Down Royal 107 (Timeform) 104 (RPR)
Downpatrick 113+ (Timeform) 117(RPR)
In other words Cecil Corbett had improved between 6 and 13 pounds between Down Royal and Downpatrick. If the handicapper gave him a rating of 115 after Downpatrick then his rating after Down Royal would have been nearer to 109 (or lower); that would mean that Bay of Freedom’s rating based on Down Royal would be 109 as well.
While I am on a rant just consider this:
We finished 15 lengths (equivalent to 15 pounds) behind Ultimate Horseman at Roscommon last week. The handicapper revised Ultimate Horseman’s rating after that race to 111 which would mean we ran to 96.
Now, even I would say that 96 was too low but to be given a rating 19 pounds higher? That is crazy!
The handicapper is a good man and hopefully remarkably prescient. He has obviously used convoluted logic to get Bay of Freedom’s mark as high as possible in the belief that the horse is much better than any mark he can justify (we seem to be paying the penalty for running well at Cheltenham) In one way I appreciate his vote of confidence and I am sure that we will both be watching his next race hoping that this confidence is not misplaced.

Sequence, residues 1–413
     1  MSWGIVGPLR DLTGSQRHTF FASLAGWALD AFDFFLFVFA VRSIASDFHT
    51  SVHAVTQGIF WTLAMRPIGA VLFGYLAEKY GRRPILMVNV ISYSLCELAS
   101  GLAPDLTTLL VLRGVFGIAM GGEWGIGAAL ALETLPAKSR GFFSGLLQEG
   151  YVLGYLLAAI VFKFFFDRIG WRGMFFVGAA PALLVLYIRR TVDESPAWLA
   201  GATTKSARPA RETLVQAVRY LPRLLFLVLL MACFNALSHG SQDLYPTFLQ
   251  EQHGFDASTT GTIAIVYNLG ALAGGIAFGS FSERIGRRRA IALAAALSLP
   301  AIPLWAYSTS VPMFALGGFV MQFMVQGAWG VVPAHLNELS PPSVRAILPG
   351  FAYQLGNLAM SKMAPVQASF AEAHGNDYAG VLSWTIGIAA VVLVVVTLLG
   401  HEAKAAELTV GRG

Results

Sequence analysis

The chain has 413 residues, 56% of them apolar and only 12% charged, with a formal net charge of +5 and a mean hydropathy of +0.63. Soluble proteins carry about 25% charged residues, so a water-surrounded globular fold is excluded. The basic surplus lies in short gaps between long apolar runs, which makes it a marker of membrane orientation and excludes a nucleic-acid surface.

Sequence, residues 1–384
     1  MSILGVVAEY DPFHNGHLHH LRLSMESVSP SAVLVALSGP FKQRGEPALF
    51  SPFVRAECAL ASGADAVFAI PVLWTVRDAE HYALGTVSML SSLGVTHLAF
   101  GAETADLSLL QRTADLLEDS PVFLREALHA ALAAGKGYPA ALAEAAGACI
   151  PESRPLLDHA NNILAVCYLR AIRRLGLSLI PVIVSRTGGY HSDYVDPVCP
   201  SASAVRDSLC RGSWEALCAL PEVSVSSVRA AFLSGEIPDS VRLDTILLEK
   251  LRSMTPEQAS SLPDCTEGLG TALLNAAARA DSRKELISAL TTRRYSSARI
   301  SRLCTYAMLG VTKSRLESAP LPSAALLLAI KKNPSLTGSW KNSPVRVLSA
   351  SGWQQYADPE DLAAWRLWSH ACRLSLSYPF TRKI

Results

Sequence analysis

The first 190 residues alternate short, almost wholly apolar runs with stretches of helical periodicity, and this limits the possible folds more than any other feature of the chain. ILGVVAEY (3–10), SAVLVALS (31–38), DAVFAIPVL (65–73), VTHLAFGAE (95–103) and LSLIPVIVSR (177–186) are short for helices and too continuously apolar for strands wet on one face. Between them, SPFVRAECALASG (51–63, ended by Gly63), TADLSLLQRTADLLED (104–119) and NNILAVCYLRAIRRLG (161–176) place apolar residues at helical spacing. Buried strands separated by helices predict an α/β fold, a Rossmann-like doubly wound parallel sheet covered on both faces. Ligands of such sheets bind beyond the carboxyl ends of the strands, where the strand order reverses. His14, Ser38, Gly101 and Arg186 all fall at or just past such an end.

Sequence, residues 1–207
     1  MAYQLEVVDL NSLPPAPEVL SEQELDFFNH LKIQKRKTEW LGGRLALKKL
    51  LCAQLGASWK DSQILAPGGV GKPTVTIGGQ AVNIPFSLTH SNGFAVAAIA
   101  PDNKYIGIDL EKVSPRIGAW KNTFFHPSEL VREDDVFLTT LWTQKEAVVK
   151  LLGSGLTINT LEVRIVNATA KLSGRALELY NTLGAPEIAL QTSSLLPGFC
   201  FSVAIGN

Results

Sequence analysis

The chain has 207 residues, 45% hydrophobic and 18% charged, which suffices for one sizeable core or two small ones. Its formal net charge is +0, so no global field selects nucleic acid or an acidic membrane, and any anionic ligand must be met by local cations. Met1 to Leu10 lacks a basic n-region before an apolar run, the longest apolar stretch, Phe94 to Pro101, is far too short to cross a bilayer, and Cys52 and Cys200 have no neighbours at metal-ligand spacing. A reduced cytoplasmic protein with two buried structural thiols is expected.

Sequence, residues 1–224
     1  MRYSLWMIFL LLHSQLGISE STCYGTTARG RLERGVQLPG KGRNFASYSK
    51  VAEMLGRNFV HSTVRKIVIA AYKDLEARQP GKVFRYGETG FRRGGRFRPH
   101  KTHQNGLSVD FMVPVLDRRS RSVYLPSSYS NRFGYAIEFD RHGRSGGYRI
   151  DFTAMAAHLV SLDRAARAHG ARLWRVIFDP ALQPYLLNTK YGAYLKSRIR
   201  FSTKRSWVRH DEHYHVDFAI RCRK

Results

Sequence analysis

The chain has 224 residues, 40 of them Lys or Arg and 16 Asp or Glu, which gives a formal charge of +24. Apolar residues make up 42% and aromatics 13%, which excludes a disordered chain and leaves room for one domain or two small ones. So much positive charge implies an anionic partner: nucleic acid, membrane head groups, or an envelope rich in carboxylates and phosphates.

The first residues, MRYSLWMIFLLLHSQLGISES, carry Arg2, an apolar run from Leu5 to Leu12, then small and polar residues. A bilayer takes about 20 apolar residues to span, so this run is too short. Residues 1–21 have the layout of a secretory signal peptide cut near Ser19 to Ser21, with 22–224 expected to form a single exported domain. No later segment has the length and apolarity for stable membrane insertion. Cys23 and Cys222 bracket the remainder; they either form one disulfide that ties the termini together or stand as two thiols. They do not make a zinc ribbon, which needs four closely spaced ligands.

Before any of that though, we have a job to do: get rid of this ulcer!
Oh, and one more thing: this is going to be a relatively quiet period for Bay of Freedom news so, in the interim, this blog will provide an unbiased and irreverent weekly commentary on events in the racing world.